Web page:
For years, the Bronx County Family Court would transform on Tuesdays from a courtroom into the unlikeliest of dance floors. Promptly at 1 p.m., Judge Ruben Martino would end the court’s sessions, and with the help of his staff, including Court Officer Jermel Singleton ‘22, push chairs and tables aside to make room for a weekly salsa lesson led by Judge Martino and attended by administrative staff, court officers, and other judges.
According to Singleton, this is just one example of the way Judge Martino, who passed away in December 2020 at the age of 64, engaged with everyone he encountered. “It really didn’t matter who you were and what position, he treated you with respect,” Singleton recalls.
In this spirit of service and loyalty, Judge Martino’s college classmate and former Legal Aid colleague Professor Russell Pearce has helped found Fordham Law’s new Honorable Ruben Martino Memorial Fellowship, which will fund students in unpaid public interest summer internships. The fellowship, which is taking applicants for the summer of 2021, seeks to provide funding opportunities in public interest law for first generation law students and students from groups that are historically underrepresented in the practice of law.
Judge Treated Everyone with Respect
Judge Martino graduated from Bronx High School of Science, Yale University—where he met Pearce—and the University of Pennsylvania Law School. He began his career as a staff attorney for Bronx Legal Services, handling landlord/tenant cases on behalf of local tenants. In 1994, he was appointed to the Housing Court. Judge Martino joined the Bronx Family Court in 2003.
Singleton, who served in Judge Martino’s courtroom for a year before the judge’s passing, remembers him as a jurist with empathy. “I can’t say enough about how he judged people, particularly when they were at the lowest point in their life.”
Pearce recalls observing Judge Martino in his courtroom. “I appreciated how he was able to deal with everything, treating everyone with respect as a human being and applying the law in very wise ways.”
“In his professional life, his concern for the families before him was always foremost. He applied his considerable legal acumen with understanding and fairness,” notes Judge Jeanette Ruiz of the New York City Family Court. “It was because of these qualities that I selected him for the position of supervising judge of the Bronx County Family Court.”
Presiding Justice Rolando Acosta of the New York State Supreme Court, Appellate Division, First Department, first met Judge Martino when Justice Acosta was on staff at Legal Aid and Judge Martino was at Bronx Legal Services. The two future judges would discuss litigation strategies and collaborate on cases. “It grew to a very personal level where we played basketball with a bunch of other legal services employees.”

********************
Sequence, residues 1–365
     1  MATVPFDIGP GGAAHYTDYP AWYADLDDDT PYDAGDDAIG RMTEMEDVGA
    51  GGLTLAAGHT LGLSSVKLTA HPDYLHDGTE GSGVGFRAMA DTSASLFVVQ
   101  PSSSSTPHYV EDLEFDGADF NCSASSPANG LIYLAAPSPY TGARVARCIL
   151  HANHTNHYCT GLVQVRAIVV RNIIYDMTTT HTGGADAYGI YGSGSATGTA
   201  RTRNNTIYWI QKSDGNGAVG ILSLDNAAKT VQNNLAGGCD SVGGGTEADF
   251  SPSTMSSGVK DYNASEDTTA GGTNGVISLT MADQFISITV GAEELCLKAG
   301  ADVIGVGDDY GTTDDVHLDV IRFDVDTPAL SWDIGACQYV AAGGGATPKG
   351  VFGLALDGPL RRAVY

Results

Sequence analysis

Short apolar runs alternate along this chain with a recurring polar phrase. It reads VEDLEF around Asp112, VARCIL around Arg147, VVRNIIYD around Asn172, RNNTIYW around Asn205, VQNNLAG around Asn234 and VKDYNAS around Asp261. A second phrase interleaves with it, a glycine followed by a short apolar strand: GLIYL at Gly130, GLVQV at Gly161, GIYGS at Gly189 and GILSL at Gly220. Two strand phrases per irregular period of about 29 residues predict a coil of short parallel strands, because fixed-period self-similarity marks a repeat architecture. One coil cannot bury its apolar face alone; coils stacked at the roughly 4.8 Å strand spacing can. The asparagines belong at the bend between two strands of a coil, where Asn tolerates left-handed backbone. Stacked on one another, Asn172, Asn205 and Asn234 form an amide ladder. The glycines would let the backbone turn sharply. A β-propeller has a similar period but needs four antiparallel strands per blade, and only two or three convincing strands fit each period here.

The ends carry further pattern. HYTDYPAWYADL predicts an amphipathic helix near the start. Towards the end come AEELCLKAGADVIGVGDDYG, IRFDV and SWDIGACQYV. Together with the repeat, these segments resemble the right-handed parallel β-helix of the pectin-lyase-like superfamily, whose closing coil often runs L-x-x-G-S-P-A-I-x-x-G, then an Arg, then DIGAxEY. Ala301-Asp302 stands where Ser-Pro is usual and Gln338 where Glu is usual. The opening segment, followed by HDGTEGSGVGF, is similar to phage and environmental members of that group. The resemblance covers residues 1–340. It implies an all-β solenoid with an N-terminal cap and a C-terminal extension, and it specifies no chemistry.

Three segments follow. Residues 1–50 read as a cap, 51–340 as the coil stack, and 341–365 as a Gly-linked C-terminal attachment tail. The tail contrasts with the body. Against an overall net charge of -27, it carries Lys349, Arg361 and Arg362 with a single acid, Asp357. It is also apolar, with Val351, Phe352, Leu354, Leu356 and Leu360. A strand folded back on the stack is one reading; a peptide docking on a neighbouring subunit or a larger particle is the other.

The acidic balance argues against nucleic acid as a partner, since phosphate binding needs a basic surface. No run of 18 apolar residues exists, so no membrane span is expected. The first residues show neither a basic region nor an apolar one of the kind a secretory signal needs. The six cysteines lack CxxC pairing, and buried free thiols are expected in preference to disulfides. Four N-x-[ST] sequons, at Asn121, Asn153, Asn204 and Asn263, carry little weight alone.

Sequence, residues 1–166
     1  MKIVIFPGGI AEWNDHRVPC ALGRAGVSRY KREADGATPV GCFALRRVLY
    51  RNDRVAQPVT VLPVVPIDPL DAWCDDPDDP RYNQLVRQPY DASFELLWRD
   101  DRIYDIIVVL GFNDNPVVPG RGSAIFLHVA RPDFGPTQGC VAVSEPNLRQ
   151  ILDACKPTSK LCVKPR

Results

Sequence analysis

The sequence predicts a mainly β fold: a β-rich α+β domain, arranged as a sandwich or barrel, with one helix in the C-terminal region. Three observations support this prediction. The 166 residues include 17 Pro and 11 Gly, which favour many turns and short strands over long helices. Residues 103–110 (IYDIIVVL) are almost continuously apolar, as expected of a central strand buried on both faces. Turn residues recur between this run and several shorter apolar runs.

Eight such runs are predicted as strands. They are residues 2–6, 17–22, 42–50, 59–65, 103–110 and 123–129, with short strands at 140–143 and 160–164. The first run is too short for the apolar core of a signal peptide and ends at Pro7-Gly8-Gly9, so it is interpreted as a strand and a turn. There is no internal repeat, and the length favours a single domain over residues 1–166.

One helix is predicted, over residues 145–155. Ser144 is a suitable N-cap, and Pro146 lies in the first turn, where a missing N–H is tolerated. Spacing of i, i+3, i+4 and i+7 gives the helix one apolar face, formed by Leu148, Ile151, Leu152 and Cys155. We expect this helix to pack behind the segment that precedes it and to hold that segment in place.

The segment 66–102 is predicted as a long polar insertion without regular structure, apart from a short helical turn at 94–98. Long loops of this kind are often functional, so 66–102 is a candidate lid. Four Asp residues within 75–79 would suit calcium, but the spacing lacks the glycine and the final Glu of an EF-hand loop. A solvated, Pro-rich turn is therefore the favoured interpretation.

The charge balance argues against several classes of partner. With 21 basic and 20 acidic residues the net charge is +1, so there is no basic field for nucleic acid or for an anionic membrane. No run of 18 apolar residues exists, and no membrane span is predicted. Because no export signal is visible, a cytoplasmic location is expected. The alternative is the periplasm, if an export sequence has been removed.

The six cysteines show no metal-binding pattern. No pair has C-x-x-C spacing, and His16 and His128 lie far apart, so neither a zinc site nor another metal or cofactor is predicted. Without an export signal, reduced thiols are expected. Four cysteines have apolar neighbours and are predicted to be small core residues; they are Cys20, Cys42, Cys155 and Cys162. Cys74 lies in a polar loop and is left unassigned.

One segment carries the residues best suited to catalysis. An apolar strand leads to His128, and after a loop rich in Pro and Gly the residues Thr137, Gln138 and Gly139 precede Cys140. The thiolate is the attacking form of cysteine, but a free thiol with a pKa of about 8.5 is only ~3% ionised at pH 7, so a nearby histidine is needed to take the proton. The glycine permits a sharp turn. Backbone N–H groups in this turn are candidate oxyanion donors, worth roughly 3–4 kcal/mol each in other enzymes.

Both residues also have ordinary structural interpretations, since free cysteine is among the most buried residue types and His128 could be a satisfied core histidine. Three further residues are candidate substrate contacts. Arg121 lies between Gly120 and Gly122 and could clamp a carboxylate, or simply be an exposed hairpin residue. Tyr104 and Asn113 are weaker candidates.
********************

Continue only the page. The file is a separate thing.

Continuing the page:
Years later, Judge Martino still bonded with colleagues over workouts. Even in the last months of his life when his illness was advancing, Singleton says Judge Martino would challenge court officers to push up contests.
Legacy of Public Interest
Justice Acosta says Judge Martino was part of a community of public interest lawyers eager to give back and help future generations have the same opportunities. “He was a guy who would give you the shirt off his back,” notes Justice Acosta. “The word ‘no’ was not in his lexicon.”
“We were able to make the choices to do public interest law,” says Justice Acosta of himself, Judge Martino, and their contemporaries. As student debt has increased over the years, he notes that it has become more difficult for law students to make that choice.
Justice Acosta hopes that helping students gain experience in public interest law during summer internships will encourage them to pursue it in the long term. “Once they see the nature of public interest work, it’s hard to say no to that kind of stuff.”
A “Local Kid” Exemplifying Fordham’s Values
When Pearce began teaching the housing rights clinic at Fordham, he invited Judge Martino to judge the clinic’s moot court competition. “He would always give of his time generously to the students,” says Pearce.
After Judge Martino’s passing, Pearce reached out to Fordham Law’s Public Interest Resource Center about the possibility of starting a fellowship.
“He was trying to think of a way to honor his dear friend,” says Leah Horowitz, Assistant Dean for Public Interest and Social Justice Initiatives at Fordham Law, noting “how beautiful it is to honor someone’s legacy in this way.”
“It’s incredibly moving to see that those who loved and admired Judge Martino have chosen to honor him in this way,” says Dean Matthew Diller. “This fellowship is a wonderful tribute that will help nurture the next generation of public interest lawyers.”
The Martino Fellowship is now open for applications. “We’re really looking for students who have a demonstrated commitment to public interest law,” Horowitz notes, especially students from traditionally marginalized groups and first-generation law students with a vision for, and ongoing commitment to, public interest work. “It shouldn’t be a situation where only law students and lawyers who are privileged can do this work.”
Justice Acosta, who has also guest lectured at Fordham, notes that while Judge Martino’s Ivy League education might have afforded him any number of opportunities, he always lived and worked in the community in the Bronx where he grew up. He notes that Judge Martino’s legacy of service is in keeping with Fordham’s mission. “Since he was a local kid, I think Fordham is perfect.”